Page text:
Sunday, May 31, 2009

Zone 3

Thank you for cheering about my new house! I think I needed a kick start in the enthusiasm department, and your comments really helped! (frequent updates from a sick relative and a friend in different hospitals can really get a person down) I will try to answer a bunch of questions from your comments here...

Mary mentioned our "old Durham house." You see, Mary and I shared a house in common. Prepare yourself, this is a weird one... Mary lived in a big yellow house, built in 1923 in Durham, North Carolina, on James Street. She sold it. We bought that house. We didn't know Mary, we knew very little about her, but we loved our house. Our first house as a married couple, it had a rose garden, a grape arbor, raspberry bushes, lots of flower bulbs...and eventually raised beds for gardening. (we put those in.) Eventually we moved away from that house, in 2002, and I joined the Association of Knitwear Designers and recognized Mary's name as one of the members. It couldn't be THAT Mary, could it? It was.

Long story short? Mary now lives in Northern Virginia (where I grew up, we seem to follow each other around geographically) and we share a lot in common when it comes to picking out a house. The professor and I like housing from the period of, say, 1912-1929--as did Mary. This house has a window seat, just like the house in Durham. Remember the window seat, Mary!?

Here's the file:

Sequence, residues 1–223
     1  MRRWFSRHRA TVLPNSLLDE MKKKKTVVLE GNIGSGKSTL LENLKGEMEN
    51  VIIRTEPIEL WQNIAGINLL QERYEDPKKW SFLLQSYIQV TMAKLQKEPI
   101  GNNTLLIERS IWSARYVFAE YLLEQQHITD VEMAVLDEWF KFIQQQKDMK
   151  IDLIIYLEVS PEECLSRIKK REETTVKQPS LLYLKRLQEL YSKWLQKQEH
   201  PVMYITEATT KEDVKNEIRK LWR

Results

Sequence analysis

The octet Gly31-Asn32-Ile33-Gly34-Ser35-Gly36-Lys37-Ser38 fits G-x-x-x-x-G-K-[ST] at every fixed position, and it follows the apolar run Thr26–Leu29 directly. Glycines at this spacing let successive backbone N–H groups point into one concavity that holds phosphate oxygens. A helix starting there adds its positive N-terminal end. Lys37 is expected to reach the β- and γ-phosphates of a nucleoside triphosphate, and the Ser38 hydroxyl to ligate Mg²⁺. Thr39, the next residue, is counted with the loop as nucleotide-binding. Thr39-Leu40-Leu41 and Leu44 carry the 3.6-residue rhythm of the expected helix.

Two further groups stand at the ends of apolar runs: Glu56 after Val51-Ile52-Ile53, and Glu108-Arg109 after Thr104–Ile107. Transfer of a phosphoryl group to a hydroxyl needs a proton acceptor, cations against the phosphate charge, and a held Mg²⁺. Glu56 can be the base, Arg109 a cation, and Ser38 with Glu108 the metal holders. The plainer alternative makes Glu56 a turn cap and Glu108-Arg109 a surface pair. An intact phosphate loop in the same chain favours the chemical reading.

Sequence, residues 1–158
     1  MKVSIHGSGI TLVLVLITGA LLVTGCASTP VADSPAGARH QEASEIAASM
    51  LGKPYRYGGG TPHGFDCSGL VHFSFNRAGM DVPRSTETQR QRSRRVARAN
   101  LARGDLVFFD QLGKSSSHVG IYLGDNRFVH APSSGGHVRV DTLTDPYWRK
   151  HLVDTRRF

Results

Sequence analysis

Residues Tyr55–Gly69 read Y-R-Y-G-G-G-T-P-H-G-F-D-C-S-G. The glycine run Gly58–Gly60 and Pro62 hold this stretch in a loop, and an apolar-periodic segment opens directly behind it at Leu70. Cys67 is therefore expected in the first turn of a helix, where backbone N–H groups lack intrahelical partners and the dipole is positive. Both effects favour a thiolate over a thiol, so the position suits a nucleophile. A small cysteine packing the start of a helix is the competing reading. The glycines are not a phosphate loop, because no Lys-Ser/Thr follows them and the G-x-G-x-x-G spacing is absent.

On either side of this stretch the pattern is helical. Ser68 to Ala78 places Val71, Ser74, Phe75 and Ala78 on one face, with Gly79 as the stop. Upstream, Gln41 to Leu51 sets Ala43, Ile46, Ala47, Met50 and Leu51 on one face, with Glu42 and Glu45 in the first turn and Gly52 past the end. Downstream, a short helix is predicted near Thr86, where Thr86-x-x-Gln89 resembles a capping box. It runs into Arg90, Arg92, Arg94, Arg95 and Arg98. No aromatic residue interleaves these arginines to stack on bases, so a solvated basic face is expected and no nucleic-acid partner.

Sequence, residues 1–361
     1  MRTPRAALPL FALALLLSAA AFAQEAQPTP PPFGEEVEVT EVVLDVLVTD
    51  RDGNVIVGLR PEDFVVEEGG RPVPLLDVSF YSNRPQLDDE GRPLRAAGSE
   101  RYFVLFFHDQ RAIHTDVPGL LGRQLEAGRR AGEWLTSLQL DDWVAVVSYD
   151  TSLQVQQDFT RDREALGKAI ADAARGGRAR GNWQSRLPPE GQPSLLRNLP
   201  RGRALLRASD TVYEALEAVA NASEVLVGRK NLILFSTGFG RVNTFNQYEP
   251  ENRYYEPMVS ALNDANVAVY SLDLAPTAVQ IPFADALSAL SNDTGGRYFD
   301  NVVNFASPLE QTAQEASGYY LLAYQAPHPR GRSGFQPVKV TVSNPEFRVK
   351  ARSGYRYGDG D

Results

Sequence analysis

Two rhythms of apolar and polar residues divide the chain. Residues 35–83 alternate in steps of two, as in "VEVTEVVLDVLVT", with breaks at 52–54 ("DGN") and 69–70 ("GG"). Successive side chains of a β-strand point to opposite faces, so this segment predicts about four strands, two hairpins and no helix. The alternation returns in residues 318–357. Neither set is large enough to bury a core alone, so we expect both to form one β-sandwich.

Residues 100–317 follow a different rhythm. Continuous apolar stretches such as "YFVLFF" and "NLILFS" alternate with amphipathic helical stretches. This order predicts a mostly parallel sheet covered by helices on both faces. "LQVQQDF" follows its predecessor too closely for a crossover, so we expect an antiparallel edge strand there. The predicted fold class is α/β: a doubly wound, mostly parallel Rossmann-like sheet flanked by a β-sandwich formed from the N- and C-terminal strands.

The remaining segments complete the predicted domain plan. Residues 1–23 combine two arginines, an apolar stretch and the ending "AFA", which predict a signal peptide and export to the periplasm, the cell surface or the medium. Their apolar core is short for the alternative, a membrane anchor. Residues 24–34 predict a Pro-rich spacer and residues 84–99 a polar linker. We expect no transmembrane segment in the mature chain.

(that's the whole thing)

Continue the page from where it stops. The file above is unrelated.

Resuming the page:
Nancy asked:
Does it have a cottage garden? Kitchen garden? Herb garden?

Umm, no, we don't think so. Houses in downtown Winnipeg have weenie small yards. This house is on a corner, so there is a bit more yard. Also, and this is big one--Winnipeg is in USDA Hardiness Zone 3. Here's a map of hardiness zones...Winnipeg is just above North Dakota, if that helps. The short summary of that is that gardening is a very short lived enterprise outside. Here are some photos of the backyard. As best we can tell (and we were there in mid-May)--the yard has a forsythia...and it was flowering. We have no idea what other surprises are there for us.